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Print your own Yoda at home for $499: 3D printers become affordable

Evan Dashevsky | April 29, 2013
Additive manufacturing (or 3D printing) may finally have its moment. The technology has been around for decades, but only recently has it managed to crawl out from behind the curtains of advanced industrial production and bearded basement hobbyists into the awareness of the general public.

Additive manufacturing (or 3D printing) may finally have its moment. The technology has been around for decades, but only recently has it managed to crawl out from behind the curtains of advanced industrial production and bearded basement hobbyists into the awareness of the general public.

This year saw 3D printing get a nationally-televised shout-out in the State of the Union as well as the launch of the Inside 3D Printing conference and expo in New York City, the first business and consumer conference specifically built around this budding industry.

While some analysts have made predictions that 3D printers may dip below $2000 by 2016, the Inside 3D Printing conference featured models that are currently available for less than $1000, even. (One such model has been around for a year.) 3D printing may be on its way to becoming a desktop staple.

3D Printers: The desktop scanner of the coming decade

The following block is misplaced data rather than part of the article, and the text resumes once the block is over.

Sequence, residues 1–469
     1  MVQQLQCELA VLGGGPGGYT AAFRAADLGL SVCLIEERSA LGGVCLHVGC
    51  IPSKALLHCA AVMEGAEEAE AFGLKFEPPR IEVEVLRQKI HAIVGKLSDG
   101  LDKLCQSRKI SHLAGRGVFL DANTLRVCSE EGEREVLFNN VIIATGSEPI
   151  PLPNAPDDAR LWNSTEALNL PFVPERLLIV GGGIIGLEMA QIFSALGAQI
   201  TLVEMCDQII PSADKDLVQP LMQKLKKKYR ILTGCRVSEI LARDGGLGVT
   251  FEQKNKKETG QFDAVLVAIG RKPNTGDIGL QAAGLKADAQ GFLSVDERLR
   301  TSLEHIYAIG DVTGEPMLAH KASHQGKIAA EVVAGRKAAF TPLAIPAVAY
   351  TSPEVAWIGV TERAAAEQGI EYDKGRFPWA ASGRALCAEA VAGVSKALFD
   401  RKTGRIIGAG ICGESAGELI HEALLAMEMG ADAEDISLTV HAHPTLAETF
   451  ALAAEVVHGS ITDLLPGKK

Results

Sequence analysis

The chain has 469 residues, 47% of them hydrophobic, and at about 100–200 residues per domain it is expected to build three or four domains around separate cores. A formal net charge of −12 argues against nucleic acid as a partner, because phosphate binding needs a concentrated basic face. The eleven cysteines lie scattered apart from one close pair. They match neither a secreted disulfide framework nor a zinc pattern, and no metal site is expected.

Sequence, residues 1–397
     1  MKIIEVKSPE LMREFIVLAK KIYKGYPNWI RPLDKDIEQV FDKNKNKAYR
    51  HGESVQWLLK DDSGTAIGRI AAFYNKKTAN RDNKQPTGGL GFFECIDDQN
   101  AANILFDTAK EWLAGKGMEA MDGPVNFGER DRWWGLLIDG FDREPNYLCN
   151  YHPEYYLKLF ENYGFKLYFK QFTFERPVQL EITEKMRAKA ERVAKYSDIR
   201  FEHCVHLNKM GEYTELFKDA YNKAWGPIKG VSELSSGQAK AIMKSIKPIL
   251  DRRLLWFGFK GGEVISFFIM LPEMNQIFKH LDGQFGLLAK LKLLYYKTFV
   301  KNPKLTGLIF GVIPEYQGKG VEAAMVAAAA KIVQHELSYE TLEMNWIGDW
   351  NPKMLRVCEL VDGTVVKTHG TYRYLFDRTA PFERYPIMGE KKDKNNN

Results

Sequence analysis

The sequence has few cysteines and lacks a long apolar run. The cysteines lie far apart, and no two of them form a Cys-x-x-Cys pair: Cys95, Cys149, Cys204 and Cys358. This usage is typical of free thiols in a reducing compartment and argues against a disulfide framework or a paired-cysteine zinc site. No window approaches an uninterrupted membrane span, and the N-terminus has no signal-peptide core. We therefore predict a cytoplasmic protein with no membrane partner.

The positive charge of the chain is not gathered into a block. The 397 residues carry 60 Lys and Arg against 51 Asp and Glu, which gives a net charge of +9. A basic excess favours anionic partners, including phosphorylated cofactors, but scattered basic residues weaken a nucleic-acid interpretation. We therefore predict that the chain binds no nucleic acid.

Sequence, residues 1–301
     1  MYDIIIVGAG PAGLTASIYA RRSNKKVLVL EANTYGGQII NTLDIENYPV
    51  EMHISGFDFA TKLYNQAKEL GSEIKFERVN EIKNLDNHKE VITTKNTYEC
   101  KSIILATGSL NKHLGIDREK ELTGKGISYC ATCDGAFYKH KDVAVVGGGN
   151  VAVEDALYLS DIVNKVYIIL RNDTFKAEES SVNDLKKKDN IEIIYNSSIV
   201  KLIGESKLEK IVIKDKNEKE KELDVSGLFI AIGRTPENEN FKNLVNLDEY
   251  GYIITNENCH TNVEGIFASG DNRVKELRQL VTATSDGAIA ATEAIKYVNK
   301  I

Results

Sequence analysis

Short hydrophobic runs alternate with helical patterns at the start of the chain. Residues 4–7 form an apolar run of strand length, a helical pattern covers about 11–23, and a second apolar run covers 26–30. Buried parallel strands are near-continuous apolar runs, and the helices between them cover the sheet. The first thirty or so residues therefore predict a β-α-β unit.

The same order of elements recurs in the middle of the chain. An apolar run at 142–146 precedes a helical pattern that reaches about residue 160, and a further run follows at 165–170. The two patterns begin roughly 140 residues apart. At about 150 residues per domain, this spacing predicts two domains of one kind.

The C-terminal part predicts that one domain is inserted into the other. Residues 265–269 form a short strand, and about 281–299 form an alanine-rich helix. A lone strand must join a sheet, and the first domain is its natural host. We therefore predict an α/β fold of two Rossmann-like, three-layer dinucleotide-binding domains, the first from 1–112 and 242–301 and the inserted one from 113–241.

One of the conference's keynote speakers, industry consultant Terry Wohlers, used his stage time to explain why he is very bullish on the technology's future, noting that in 2011 (the last year for which reliable data is available), the industry grew by an impressive 29.4 percent.

Wohlers estimates that there are 2.9 million industrial designs for printed parts currently being used by a few high-end manufacturers. But that number pales compared to the 12 million consumer-printable designs available on sites like Thingiverse, which offers a bevy of downloadable designs submitted by the public. Of course, most of these millions of designs are being created and shared by a small population of dedicated hobbyists.

But this may start to change in the very near future.

As you'll see below, the prices of several consumer models of 3D printers are comparable to those of high-end computers. While the average person will have little need for a 3D printer--for now, they are limited in the materials they can employ, and they can take hours to print an object the size of a chess piece--certain specialized professions will find lots of uses for them.

In the very near future, a desktop 3D printer may be greeted in the same way the desktop scanner was in our recent technological past: It's not a piece of technology that all consumers will use, but it is something few would find out of place on someone else's desk.

Here are a number of consumer 3D printers coming your way:

The Form 1 ($3300)

For the high-end designer, artist, or architect, Formlabs' Form 1 stereolithograph printer offers a $3300 desktop unit. This is an impressively high-resolution model that can render details down to 25 microns (or 0.001 inches).

 

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